I still prefer Ambient 1, but this Budd-Eno collaboration is almost same good.

My rating is 3+ rounded to4.

Report this review (#313208)
Posted Thursday, November 11, 2010 | Review Permalink
3 stars The famous Ambient saga continues, started, with "Ambient 1:Music For Airports" and ended, with "Ambient 4: On Land", by Brian Eno. In the two middle albums, including the album I'm about to review, he asks for external help: in this one Harold Budd performs the songs. In the following "Ambient 3", Laraaji does all the work, while Eno produces.

"Ambient 2: The Plateaux Of Mirror" continues with that style that already was starting to develop in "Discreet Music", and reached it's peak with "Ambient 1:Music For Airports". That style, or better calling it genre, is known as ambient music, which gives a part of the title of this album. Only this time, it's bleaker than ever; minimalism is the main influence, like in "Discreet Music", the music has a very low volume, and sure does create an atmosphere, sometimes very effectively, sometimes less. The moods aren't sad sounding like in "Ambient 1", but still very melancholic and distant. The instruments, unlike the 1975 album, are a little less monotone; there's an electric piano played by Budd, with different arrangements by Eno. Sometimes other instruments come along, for a brief period of time.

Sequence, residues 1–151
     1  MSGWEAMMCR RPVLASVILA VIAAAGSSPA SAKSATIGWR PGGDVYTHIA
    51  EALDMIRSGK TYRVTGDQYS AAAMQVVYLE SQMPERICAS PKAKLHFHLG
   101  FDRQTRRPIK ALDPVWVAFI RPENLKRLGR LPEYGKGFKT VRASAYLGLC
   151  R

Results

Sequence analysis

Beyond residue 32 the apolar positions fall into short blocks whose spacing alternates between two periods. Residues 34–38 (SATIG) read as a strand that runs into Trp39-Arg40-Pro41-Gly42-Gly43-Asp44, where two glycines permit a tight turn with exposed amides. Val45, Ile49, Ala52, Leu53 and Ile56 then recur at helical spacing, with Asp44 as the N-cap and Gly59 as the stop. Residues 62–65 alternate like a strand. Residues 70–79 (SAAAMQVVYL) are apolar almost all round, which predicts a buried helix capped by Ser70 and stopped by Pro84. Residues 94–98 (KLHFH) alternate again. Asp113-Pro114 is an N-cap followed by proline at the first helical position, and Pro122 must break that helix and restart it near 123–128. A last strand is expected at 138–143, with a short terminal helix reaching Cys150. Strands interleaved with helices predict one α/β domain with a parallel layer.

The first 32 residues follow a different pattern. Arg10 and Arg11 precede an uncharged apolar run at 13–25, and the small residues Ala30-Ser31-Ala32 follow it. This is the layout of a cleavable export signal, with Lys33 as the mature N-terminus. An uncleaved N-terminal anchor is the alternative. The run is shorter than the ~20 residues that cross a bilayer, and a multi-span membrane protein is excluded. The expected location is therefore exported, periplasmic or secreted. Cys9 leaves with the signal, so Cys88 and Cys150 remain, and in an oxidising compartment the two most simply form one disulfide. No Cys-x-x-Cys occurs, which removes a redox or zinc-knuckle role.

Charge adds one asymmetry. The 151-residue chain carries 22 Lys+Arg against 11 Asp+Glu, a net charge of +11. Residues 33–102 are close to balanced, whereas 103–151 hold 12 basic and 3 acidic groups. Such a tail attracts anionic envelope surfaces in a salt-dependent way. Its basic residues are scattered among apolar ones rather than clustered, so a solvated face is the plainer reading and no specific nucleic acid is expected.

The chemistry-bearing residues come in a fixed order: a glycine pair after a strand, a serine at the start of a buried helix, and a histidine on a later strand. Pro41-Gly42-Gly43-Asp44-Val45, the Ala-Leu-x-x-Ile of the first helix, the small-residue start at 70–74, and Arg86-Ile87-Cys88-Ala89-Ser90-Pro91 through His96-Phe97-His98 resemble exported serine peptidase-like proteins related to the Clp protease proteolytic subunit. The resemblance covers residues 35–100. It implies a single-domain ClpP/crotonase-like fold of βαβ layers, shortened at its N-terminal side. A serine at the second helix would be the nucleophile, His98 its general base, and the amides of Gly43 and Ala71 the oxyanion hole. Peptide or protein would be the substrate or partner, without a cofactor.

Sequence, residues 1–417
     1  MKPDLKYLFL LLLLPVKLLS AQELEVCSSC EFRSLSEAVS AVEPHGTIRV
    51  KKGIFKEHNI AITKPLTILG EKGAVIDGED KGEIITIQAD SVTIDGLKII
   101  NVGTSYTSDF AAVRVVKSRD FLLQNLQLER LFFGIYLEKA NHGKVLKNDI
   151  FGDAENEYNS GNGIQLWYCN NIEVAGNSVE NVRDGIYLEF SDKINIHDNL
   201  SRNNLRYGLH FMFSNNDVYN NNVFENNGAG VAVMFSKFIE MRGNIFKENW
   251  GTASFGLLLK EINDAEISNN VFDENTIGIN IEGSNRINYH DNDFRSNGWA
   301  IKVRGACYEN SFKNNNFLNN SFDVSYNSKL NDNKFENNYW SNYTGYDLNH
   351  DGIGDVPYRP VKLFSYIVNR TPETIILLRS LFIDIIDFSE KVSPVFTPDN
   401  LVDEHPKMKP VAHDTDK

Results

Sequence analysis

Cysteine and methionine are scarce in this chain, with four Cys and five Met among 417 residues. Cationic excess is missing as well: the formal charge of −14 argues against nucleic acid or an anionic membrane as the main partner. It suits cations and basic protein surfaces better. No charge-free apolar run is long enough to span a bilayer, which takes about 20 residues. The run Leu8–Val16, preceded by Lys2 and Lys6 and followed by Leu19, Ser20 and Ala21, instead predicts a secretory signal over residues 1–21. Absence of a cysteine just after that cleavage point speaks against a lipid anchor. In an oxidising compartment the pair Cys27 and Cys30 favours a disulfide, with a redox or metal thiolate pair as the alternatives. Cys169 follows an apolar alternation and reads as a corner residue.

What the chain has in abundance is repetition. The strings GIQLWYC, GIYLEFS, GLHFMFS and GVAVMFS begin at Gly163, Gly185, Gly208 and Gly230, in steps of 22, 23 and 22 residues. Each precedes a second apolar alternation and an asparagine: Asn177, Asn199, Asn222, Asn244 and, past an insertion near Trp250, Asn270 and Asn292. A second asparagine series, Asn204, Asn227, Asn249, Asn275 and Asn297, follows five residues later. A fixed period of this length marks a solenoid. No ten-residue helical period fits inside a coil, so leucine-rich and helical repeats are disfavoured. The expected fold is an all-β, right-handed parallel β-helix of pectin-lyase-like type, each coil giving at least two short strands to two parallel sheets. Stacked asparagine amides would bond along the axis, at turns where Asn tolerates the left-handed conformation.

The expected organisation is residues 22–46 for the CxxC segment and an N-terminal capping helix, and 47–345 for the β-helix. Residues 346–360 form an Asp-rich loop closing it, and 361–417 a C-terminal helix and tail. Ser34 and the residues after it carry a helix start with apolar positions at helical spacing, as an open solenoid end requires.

It's difficult to truly understand what Budd and Eno tried to give to us with this album; a, nostalgic, bleak journey through deserted rural landscapes, like the cover would suggest, or just a collection of relaxing, but evocative and sometimes a little disturbing songs? It is nice to think about the first option, since I love interpreting an album as a sort of trip, like the one I had with almost all the albums I have listened to.